Multibillion-dollar Three Waters reforms proposed to stop average household bills reaching $9000 by 2051

The Government is proposing to establish four publicly-owned entities to take responsibility for drinking water, wastewater and stormwater infrastructure to stop average household bills reaching $9000 by 2051.

A report by the Water Industry Commission for Scotland estimates that New Zealand will need to invest between $120 billion to $185 billion on water infrastructure over the next 30 years to meet standards and provide for future population growth. 

Local Government Minister Nanaia Mahuta says the proposed reforms are not only necessary, but will also grow GDP by $14 billion to $23 billion over the next 30 years and generate 5850 to 9260 full-time equivalent jobs.

"Without this change, communities are going to either face very large bills for water services; or infrastructure will continue to degrade with ongoing health and environmental consequences. Both of these outcomes are unacceptable," Mahuta said on Wednesday. 

"We have seen the effects of a system in crisis: fatalities from bacteria in drinking water, broken sewer pipes, poorly treated wastewater running into streams and rivers, no-swim notices at the beaches, regular boil-water notices, and lead contamination.

"As we undertake our economic recovery, these four entities will ensure the upgrade of infrastructure for our most precious natural resource, which will not only help reign in increasing costs for households but provide local jobs while contributing to regional economies."

Department of Internal Affairs modelling shows that even at the more conservative end of estimates, the average household bill for water services could be as high as $1900 to $9000 by 2051, which Mahuta says is unaffordable. 

"Under our proposal for four providers those figures range from $800 to $1640, saving households thousands of dollars."

Under the current set up, 67 councils provide most of the country's three water services, a system Mahuta says is in too many cases ineffective, inefficient, and not fit for purpose.

The Government's reform programme changes the management and operation of three waters services, bringing them under proposed boundaries of four water providers. 

Multibillion-dollar Three Waters reforms proposed to stop average household bills reaching $9000 by 2051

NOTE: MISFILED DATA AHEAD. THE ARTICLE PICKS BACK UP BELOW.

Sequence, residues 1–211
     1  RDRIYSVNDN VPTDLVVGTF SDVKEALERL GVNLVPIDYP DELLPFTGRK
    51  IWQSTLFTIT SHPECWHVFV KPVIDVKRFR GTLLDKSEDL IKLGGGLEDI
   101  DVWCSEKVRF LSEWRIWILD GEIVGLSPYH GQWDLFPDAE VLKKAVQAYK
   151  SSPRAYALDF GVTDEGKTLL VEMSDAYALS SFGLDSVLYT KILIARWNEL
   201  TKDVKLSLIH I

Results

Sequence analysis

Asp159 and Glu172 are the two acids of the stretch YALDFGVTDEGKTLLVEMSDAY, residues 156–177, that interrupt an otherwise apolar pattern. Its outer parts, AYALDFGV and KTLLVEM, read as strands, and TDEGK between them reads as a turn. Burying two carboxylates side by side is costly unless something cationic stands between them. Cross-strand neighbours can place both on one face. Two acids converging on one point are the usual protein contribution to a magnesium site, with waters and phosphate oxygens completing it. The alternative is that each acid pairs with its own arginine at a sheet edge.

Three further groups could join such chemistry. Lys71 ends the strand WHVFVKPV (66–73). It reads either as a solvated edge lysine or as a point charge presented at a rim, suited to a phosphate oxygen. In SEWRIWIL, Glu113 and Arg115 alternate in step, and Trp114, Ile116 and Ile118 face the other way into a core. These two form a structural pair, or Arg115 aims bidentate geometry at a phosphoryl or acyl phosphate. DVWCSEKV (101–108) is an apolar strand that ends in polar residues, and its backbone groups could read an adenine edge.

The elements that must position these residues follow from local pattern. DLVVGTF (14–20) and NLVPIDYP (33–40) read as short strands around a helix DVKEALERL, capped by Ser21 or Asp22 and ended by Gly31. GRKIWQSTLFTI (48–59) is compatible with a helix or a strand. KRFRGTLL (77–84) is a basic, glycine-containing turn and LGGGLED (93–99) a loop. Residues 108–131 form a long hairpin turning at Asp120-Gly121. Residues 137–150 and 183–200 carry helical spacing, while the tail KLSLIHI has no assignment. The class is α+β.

Photo credit: Supplied

National leader Judith Collins raised concerns about the ownership structure after she was leaked a Department of Internal Affairs proposal to transfer 50 percent of publicly-owned water assets in the South Island to Ngāi Tahu ownership.

But Ngāi Tahu said it was "not proposing ownership" of water assets, and that the diagram Collins was leaked showed one option proposed by independent consultants that was not pursued by the iwi. 

The Government has confirmed the four entities will remain in public ownership. 

But perhaps the biggest hurdle the Government will face is that Auckland Mayor Phil Goff is not convinced by the Three Waters proposal. 

"Aucklanders have invested heavily in building up Watercare's more than $10 billion worth of assets, with a further $11 billion invested in water infrastructure in our current 10-year Budget," he says.

"Control over those assets, and our ability to ensure that Aucklanders' needs are put first, is undermined by the reform, which proposes that we could have less than 40 per cent of the council representation in the governance of the new entity. 

"This is despite the fact that 92 percent of the assets of the new entity would come from Auckland, and Auckland would have approximately 90 percent of the population served by the new entity."

Goff also says the projected costs of an unreformed sector by 2051 - 30 years out - simply cannot be relied upon, saying: "It ignores the measures Watercare is currently taking to improve efficiency, which will lower costs."

Similar concerns have been raised by the Whangārei District Council, which has voted to withdraw from the plan. The council has invested in water infrastructure and wants to protect its assets. 

"We've got supply, we've got storage, we've got a treatment plant, a brand new state-of-the-art treatment plan," Whangārei Mayor Sheryl Mai told Newshub. 

"We've got 1.5 million people in Auckland and 200,000 in the region, so how does our voice be heard?"